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DANIEL E. PEER v. WORKMEN'S COMPENSATION APPEAL BOARD (B & W CONSTRUCTION) (01/31/86)

decided: January 31, 1986.

DANIEL E. PEER, JR., PETITIONER
v.
WORKMEN'S COMPENSATION APPEAL BOARD (B & W CONSTRUCTION), RESPONDENTS



Appeal from the Order of the Workmen's Compensation Appeal Board in case of Daniel E. Peer, Jr. v. B & W Construction, No. A-77868.

COUNSEL

Yaier Lehrer, with him, Herbert B. Lebovitz, Lebovitz & Lebovitz, P.A., for petitioner.

David A. Cicola, with him, Paul T. Grater, William K. Herrington & Associates, for respondent, B & W Construction.

Judges Craig and Palladino, and Senior Judge Kalish, sitting as a panel of three. Opinion by Judge Palladino.

Author: Palladino

[ 94 Pa. Commw. Page 541]

Daniel E. Peer, Jr. (Claimant) appeals from an order of the Workmen's Compensation Appeal Board (Board) denying him workmen's compensation benefits on the ground that he was not acting within the scope of his employment at the time of his injury. We affirm.

Claimant was employed as a boilermaker by the B & W Construction Company (Employer). During the time of his employment with Employer, Claimant resided in Clinton, Pennsylvania, and commuted to a job site in Brilliant, Ohio, which is approximately thirty-five miles distant. On September 4, 1975, while travelling by motorcycle to his place of employment, Claimant lost control of his vehicle as he attempted to avoid colliding with a dog in his path and, consequently, he struck an embankment and suffered serious injuries.

[ 94 Pa. Commw. Page 542]

After a workmen's compensation hearing, the referee determined that Claimant was entitled to benefits because he was injured in the course of his employment. In so holding, the referee found that Claimant's actions were consistent with a contract of employment which included transportation to and from work, and that Claimant was acting in furtherance of Employer's business at the time of the accident. Furthermore, the referee held that Claimant did not have a fixed place of work.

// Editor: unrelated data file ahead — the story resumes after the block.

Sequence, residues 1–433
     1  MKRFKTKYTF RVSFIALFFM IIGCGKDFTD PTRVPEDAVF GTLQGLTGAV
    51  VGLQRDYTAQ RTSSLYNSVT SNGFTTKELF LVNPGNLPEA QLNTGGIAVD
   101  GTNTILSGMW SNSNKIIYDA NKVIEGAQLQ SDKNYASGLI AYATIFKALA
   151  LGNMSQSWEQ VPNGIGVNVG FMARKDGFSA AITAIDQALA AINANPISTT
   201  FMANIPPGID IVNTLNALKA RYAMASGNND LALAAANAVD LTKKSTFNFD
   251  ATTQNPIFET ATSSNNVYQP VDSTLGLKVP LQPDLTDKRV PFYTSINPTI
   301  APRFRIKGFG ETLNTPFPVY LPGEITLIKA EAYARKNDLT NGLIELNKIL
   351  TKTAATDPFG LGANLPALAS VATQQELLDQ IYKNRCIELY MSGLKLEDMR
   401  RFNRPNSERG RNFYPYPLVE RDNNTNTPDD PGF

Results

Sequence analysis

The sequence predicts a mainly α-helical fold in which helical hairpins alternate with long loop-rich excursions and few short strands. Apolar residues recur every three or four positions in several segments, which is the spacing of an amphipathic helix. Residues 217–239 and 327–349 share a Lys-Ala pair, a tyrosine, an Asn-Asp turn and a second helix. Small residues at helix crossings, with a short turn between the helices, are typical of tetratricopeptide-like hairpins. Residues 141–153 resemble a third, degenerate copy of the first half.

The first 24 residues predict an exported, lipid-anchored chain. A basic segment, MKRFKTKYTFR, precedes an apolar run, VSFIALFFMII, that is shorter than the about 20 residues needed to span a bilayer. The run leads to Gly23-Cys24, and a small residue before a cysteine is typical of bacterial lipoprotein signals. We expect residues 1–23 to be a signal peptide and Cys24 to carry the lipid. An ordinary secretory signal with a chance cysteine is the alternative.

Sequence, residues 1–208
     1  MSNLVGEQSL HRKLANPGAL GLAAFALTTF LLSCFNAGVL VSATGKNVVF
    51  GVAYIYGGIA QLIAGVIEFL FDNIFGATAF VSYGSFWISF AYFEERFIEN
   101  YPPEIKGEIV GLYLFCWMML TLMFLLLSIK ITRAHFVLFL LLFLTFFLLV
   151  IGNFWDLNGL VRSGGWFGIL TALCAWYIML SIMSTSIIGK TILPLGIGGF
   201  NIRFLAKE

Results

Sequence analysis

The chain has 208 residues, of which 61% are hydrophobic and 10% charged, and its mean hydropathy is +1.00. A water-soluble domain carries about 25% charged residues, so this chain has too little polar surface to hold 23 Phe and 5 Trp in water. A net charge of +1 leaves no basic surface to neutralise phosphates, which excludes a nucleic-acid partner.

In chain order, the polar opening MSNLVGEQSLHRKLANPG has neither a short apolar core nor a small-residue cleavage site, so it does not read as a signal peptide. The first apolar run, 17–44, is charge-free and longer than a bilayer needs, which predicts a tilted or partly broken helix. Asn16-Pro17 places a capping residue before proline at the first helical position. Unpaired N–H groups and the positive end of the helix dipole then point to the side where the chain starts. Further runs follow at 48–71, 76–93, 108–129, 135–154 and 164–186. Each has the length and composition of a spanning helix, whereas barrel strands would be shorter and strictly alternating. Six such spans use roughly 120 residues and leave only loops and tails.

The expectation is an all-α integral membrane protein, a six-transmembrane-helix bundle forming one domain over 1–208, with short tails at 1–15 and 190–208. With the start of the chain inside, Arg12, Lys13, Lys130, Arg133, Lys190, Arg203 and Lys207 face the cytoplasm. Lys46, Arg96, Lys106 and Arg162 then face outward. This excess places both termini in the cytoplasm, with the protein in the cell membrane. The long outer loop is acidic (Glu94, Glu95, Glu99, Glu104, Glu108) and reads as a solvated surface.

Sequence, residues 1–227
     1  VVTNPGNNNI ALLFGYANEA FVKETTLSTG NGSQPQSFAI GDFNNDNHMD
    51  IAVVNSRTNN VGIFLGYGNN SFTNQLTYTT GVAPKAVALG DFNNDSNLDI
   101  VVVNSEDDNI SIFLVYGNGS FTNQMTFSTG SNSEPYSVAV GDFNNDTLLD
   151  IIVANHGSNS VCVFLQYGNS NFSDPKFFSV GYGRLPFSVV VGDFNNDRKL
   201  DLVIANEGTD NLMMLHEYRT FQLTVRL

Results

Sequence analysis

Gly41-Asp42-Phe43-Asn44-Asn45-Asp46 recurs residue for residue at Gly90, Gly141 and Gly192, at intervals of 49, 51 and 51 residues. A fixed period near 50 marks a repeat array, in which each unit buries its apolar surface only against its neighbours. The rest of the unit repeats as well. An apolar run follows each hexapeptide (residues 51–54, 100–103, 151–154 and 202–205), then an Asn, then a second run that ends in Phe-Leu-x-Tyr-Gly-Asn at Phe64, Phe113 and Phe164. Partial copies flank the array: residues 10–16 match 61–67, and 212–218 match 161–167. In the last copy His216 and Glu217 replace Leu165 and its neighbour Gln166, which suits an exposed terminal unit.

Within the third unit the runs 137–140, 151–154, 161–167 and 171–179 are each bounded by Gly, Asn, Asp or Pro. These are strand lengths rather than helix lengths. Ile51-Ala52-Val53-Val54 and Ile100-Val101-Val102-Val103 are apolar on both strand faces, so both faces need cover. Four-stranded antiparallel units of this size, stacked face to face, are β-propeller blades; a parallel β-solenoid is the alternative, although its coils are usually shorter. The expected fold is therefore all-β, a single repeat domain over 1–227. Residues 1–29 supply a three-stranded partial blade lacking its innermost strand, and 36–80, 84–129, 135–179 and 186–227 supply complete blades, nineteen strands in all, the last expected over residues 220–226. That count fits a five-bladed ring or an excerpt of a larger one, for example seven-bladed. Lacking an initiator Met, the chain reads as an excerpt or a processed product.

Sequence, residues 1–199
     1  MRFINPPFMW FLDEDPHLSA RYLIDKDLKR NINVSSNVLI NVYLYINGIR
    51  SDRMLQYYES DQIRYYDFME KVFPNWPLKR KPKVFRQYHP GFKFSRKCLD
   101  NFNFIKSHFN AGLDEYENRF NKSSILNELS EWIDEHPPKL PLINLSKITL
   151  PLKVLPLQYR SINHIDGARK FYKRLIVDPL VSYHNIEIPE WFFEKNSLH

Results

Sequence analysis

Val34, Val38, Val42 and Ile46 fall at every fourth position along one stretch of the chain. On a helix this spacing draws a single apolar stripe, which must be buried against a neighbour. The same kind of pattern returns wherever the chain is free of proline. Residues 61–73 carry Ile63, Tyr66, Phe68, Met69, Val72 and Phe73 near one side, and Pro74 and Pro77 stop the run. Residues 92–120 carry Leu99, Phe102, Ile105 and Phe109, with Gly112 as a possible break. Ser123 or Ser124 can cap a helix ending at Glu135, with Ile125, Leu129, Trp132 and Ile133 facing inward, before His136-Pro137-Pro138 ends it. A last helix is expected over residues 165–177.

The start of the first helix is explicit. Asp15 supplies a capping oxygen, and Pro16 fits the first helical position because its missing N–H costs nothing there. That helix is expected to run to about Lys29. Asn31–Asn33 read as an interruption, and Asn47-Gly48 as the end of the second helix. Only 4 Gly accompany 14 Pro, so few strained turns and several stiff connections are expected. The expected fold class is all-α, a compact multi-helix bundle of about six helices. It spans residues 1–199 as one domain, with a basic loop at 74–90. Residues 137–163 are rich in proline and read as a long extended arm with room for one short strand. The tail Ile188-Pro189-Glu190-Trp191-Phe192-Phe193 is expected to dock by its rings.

On appeal, the Board reversed the referee's decision, holding that, as a matter of law, Claimant was not injured in the course of his employment. Specifically, the Board determined that, although Claimant received remuneration in a fixed amount for travel expenses pursuant to an agreement between Employer and Claimant's union, such an arrangement was not a necessary element in the scope of Claimant's employment with Employer. Moreover, the Board found that Employer did not exercise control over Claimant's activities at the time of the injury and that Claimant was not furthering the business of Employer at the time he was injured. Addressing the issue raised by Employer as to whether Pennsylvania or Ohio was the appropriate forum for Claimant's workmen's compensation claim, the Board noted that Ohio may have been an appropriate forum and that the Board's decision applies only to the validity of the claim under the law of Pennsylvania, and so it should not be construed as precluding Claimant from possibly obtaining benefits in Ohio under the workmen's compensation law of that state.

On appeal to this Court, Claimant argues that the Board erred in disregarding the referee's findings and in holding that Claimant was not acting in the course of his employment when he was injured. Claimant contends further that Pennsylvania is the appropriate

[ 94 Pa. Commw. Page 543]

    forum for his claim and that The Pennsylvania Workmen's Compensation Act*fn1 ...


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